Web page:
Vitamin K (Quinone) and Vitamin E (Tocopherols)

by Georgina Cornwall, PhD

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    Vitamin K. So we want N-A-K. K is quinone. It has a number of different names also. But most commonly in this form. And I really like to hearten the vitamin K. I could probably go on for a long time about it. Because it is produced by our gut flora. And I have learned a lot of different links as a neurobiologist between gut flora and brain connections and so on and so forth. So I think the gut flora are particularly important. We can consume vitamin K but also we rely on our bacterial inhabitance to produce the majority of our vitamin K. And vitamin K is in involved in clotting. You are probably familiar with that. In fact it's involved in multiple steps along the pathway for blood clotting. As with other blood soluble, I mean, other fat soluble vitamins, vitamin K really depends on adequate liver and pancreatic secretions in order to access the vitamin itself. So let's look at some of the issues with deficiency. Again the primary one that we'll consider is the clotting factors. You can see clearly that it is involved in multiple steps along the pathway for clotting including factor 2, factor 7, factor 9, 10. All of these require vitamin K as a cofactor. Now one drug I want to bring up that you probably are aware of that is involved in blood thinning. So it has actions opposite of vitamin K is coumadin. Sold under the name of warfarin and others. But coumadin is acting to thin the blood while vitamin K is acting to keep it more viscous. And so when we have someone on warfarin, coumadin, we need to supplement with vitamin K to ensure that they are not too low in vitamin K and have some...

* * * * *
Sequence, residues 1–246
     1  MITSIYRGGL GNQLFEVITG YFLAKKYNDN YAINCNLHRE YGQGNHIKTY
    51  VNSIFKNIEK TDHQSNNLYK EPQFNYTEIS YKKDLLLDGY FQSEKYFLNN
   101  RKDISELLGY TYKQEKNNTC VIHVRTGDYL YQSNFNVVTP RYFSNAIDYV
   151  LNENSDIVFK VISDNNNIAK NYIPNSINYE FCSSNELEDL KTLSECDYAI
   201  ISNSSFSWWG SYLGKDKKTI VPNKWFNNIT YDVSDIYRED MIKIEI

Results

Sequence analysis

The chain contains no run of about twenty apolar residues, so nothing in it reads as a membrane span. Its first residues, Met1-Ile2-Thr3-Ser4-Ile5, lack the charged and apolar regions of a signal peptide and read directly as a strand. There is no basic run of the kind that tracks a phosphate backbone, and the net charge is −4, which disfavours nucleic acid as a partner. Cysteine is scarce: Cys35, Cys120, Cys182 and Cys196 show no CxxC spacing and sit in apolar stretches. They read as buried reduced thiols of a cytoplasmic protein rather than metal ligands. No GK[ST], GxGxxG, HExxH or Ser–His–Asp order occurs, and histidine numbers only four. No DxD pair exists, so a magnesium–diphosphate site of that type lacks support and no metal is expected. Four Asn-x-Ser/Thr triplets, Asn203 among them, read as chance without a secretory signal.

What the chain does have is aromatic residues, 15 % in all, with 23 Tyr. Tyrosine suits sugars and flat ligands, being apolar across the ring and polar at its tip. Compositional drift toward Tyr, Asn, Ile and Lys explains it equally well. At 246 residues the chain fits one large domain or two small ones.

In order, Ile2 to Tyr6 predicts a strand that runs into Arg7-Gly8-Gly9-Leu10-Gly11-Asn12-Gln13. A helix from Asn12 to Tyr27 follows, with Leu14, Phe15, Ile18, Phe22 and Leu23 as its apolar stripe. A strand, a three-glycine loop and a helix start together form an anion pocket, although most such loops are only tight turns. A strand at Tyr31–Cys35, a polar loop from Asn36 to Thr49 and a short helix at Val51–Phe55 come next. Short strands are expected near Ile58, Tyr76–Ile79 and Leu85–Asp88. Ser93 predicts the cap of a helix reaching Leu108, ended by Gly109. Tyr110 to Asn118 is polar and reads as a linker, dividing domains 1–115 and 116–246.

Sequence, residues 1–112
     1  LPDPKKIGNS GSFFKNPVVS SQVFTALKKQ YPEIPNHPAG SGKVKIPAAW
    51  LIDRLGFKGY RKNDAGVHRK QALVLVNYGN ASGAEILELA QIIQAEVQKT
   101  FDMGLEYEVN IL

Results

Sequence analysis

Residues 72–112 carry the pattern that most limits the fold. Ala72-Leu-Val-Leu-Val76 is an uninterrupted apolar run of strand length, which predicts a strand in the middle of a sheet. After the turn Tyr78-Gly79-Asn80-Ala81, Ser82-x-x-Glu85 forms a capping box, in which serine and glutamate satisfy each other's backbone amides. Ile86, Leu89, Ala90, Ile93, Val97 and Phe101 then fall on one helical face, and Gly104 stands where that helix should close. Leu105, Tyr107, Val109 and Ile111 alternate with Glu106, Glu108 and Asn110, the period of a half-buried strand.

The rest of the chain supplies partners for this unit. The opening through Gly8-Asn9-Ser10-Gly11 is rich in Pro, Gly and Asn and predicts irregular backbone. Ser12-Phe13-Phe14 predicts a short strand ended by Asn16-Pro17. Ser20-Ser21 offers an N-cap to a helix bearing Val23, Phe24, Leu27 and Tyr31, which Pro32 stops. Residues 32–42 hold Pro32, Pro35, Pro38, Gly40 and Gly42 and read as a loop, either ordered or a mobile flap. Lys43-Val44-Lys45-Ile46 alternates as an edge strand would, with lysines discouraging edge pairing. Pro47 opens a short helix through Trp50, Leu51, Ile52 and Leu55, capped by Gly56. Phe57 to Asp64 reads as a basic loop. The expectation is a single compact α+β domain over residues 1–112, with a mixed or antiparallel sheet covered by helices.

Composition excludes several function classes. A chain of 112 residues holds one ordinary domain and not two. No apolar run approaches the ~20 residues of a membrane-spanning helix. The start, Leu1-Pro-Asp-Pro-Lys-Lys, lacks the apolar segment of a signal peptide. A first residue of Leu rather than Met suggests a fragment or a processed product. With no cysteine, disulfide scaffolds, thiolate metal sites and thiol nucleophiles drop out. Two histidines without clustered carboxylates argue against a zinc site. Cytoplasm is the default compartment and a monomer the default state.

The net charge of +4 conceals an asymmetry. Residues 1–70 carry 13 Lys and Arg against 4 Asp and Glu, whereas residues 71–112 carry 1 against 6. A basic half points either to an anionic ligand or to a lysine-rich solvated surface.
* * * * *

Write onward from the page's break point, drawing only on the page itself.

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    The lecture Vitamin K (Quinone) and Vitamin E (Tocopherols) by Georgina Cornwall, PhD is from the course Nutrition.

    Author of lecture Vitamin K (Quinone) and Vitamin E (Tocopherols)

     Georgina Cornwall, PhD

    Georgina Cornwall, PhD

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    Warfarin and Vitamin K
    By Jake Bryan C. on 06. January 2017 for Vitamin K (Quinone) and Vitamin E (Tocopherols)

    From what I understand, we advise patients taking Coumdain to AVOID eating vitamin K rich foods because it will counteract the effect of the drug.